Monthly Archives: January 2014

Reconsidering; Investments: When Objectives are not met.


The Tribal Council has what is called a “fiduciary responsibility” to the People of the Hannahville Indian Community.

The Legal definition fiduciary is:
  •  An individual in whom another has placed the utmost trust and confidence to manage and protect property or money. 
When the people evaluate the performance of the Tribal Council and its Executive Council, they must always consider first if the assets of this community are meeting the needs or objectives of the people.
When we vote for our Tribal Council and its Executive Branch we should expect that the investments we allow our elected leaders to make for us are monitored as to how these investments have improved the lives of the people that live in our community. 
A big investment we make as a community is a court system to provide our resident members and employees a place to seek fair and unbiased judgments. If the object is to provide justice and relief on a fair and consistent basis, then the tribal council and its executive should make sure all processes are in place to make sure the objective can be met.
One way to ensure our investment is protected is establishing rules and procedures for the people employed to administer our court system. This is a must to prevent abuse of authority, conflicts of interest and lack of consistency in court judgments and probationary requirements. If we lack a way to measure and police consistency then we lack a way to evaluate our investment in the court system.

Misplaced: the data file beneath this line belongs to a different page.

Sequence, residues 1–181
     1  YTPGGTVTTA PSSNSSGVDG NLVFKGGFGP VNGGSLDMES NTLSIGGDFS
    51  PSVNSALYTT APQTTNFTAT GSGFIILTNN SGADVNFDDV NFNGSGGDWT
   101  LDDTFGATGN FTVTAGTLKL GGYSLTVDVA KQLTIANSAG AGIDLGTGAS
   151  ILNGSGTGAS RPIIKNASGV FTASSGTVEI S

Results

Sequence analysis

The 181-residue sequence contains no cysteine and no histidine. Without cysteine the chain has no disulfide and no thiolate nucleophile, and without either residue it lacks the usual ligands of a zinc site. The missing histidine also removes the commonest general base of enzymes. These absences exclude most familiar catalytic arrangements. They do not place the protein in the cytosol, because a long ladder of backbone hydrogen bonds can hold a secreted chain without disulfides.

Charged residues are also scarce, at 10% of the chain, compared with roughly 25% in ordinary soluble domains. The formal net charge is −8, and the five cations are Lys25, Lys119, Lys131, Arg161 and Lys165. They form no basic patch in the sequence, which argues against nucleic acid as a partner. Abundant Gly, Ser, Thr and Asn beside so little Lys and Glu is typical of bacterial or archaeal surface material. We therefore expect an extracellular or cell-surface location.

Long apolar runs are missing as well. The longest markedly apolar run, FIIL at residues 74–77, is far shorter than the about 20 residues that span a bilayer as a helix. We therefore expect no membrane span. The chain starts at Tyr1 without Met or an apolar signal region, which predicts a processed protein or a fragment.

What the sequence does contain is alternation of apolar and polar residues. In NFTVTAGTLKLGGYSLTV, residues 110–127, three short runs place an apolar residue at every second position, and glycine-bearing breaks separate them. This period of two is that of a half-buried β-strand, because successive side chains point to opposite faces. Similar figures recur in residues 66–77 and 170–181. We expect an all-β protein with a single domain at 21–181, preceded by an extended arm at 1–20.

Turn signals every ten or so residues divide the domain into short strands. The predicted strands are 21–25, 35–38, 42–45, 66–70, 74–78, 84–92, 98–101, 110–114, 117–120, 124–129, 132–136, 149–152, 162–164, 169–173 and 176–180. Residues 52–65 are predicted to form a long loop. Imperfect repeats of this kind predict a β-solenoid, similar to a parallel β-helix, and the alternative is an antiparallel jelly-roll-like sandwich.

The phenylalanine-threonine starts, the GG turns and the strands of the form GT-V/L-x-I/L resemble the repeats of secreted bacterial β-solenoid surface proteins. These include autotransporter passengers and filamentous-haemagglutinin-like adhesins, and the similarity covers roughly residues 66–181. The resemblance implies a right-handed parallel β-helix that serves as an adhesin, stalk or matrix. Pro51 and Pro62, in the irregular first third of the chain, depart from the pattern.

We do have other areas to consider as a community, from an investment standpoint, but the court system needs to become a priority with the Tribal Council and its Executives. 
We spend a great deal of resources on the court system but is it worth the investment, if the perception of unfairness and injustice continues to persist.

The need for a General Council.


Technology gives us many places to vent our feelings or just share some random thought on emotionally driven issues. It is a great way to express ourselves but also adds a lot of confusion.

While reading comments on a popular social media sight there was some discussion about who has the moral and ethical obligation to protect ones self, in this case it is about the tribal member. 
Those we elect, in any organizational structure, should be held accountable if the organizational objectives are not met. In this case it is about application of rules and procedures. We know that there will be cases of unfair rulings, misapplication of rules and law, abuse of power and authority and many other negative side affects of the human influence on government, business and education institutions. These influences are beyond the control of a properly run organization.
When we consider that the people elected into any position of power and authority, are only a representation of the groups ideals and principles. If moral, ethical, manipulation of power and authority  are happening it is only because the whole is satisfied with the performance of the few.